By James B. Smith
Before you assume you know how to clean carpet, think about how the words, “soil,” “clean,” and “cleaning” could have varied meanings depending on whether they are used by a consumer, professional cleaner, or judiciary. Consider these conflicting scenarios.
A homeowner says her carpet is soiled, so she finds a carpet cleaning company. After the cleaning, the homeowner sees dark areas remaining in the pathways. She complains, saying her carpet is still dirty. The cleaning company demonstrates that the dark areas are due to wear and not soil. The homeowner says that she is not buying that and demands her money back. The cleaning company declines.
It should be simple for us to recognize that the homeowner’s dark areas are coming from texture issues like scratches on the filaments. This is what standards recognize as “apparent soil.” The cleaning company’s contract was to remove “real soil” which is defined as foreign and unwanted substances. So, it appears the cleaning company is in the right, right? Let’s put another twist into this story.
The homeowner, still dissatisfied, hires an expert. The expert reviews some pictures, including one that shows the cleaning technicians dumping their waste products on the street. The homeowner sues and gets her money back because the judge rules that the cleaning company has failed to meet the full definition of cleaning.
Where did the judge get that idea, you ask? Well, standards are often used in court as a reference for definitions, and the ICRC S100 Professional Cleaning of Textile Floor Coverings defines cleaning as, “The purposeful activity of removing soil and undesired substances from an environment or surface to reduce damage or harm to human health or valuable materials. Cleaning is the process of locating, identifying, containing, removing, and properly disposing of unwanted substances from an environment or material.”
The technicians did not properly dispose of the “unwanted substances,” so from a legal standpoint, even though the carpet has been made free of undesirable and foreign substances, it has not been fully cleaned.
The owner of an apartment complex wants to replace some of his aging floorcoverings with the same nylon that was installed in the past; however, the price has gone up and he is forced to consider another kind of fiber. He discovers a new product that claims to be easy to clean with no staining or fading issues.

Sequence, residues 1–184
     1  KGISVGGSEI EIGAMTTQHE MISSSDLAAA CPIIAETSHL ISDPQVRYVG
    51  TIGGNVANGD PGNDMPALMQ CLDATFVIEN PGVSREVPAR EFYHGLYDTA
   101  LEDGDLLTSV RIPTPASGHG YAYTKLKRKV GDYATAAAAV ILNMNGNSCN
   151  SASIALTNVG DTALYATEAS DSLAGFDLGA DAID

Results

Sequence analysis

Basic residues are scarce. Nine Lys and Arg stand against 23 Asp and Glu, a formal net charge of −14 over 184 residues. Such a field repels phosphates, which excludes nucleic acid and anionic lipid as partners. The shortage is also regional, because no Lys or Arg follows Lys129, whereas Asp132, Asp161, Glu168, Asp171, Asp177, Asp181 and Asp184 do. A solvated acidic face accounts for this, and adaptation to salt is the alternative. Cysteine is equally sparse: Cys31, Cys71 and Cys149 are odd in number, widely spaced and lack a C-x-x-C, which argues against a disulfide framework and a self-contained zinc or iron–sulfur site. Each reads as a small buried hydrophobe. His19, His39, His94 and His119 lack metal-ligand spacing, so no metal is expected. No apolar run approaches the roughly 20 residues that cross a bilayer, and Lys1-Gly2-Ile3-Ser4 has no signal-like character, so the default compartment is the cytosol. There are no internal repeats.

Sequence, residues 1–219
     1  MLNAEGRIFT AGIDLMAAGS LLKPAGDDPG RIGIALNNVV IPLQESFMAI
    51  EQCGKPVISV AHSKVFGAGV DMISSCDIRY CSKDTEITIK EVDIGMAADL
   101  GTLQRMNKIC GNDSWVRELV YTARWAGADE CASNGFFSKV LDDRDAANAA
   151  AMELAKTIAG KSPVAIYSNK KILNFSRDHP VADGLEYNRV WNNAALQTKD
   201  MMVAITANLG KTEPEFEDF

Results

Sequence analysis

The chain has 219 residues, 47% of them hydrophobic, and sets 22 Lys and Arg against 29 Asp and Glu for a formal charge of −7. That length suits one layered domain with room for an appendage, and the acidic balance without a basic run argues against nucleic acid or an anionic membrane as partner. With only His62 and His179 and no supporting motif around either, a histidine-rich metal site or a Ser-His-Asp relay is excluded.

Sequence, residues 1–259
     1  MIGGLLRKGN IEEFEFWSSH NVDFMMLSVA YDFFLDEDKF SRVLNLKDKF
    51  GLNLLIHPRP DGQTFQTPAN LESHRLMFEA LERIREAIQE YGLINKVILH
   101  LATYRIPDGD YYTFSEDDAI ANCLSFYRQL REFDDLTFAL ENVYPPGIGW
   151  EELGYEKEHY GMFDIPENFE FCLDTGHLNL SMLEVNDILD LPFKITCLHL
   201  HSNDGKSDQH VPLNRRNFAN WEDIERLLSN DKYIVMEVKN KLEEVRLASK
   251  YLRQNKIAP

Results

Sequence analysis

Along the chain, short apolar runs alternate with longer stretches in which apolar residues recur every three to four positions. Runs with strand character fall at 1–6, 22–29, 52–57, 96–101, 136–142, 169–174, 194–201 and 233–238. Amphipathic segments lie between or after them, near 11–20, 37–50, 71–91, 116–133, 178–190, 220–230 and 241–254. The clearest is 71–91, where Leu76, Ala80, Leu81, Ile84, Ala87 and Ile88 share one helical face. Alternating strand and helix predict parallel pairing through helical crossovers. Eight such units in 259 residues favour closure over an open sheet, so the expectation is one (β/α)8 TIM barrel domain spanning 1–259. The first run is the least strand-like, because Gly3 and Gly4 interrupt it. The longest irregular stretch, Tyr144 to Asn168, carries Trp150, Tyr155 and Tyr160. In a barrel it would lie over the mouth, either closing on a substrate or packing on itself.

A year later, this new carpet is ready to be cleaned, but the cleaning company fails to reach an acceptable level of cleaning. It turns out this new fiber likes oil a lot more than the previous one. His cleaning company finds a remedy for the problem by adding a solvent spotter to the preconditioner, but this also raises the cost of cleaning. The apartment owner is unhappy with the price increase and chooses a different cleaner.
This new cleaner uses an absorbent powder method and, like his competitor, also finds the new carpet difficult to clean. Later, the second cleaner tries an oleophilic absorbent made for special jobs, which works, but he too must charge more to reach an acceptable level of cleaning.
Frustrated with all of this, the apartment owner hears of an expert who helped a neighbor with his cleaning issues.
The expert sends samples of the carpet off to a laboratory for testing. These tests have standardized AATCC/ASTM protocols and do not go to the extra steps that our cleaning companies have gone to. The test results find the fiber is below the acceptable limits, so the court declares this carpet to be uncleanable based on the definitions of acceptable levels of cleaning. Thus, technically this new carpet can be cleaned, but legally,
Perceptions of clean
In both scenarios, the carpet was clean by one definition but not by another, so what does this mean for the industry? Today’s professionals need to know more than just how to clean a difficult carpet. We need to know the legal definitions of words like “soil,” “clean,” and “cleaning.” When called into question, the judicial system will use industry standards to define terms and test like with an AATCC/ASTM test to determine cleanability. Professionals must also recognize that the customer will have a different understanding of soil compared to industry or legal standards, and they will hold us accountable for any miscommunications. A thorough consultation with the customer prior to service can help alleviate these problems.
James “Jim” B. Smith is an IICRC-approved instructor, a senior practicing inspector, and part of the of the IICRC S100 cleaning standard voting consensus. His educational studies come from Texas A&M University and the University of Houston. He has been in the cleaning industry since 1975. For more information, visit his website at www.carpetinspector.com/jbs, call (972) 334-0533, or email firstname.lastname@example.org.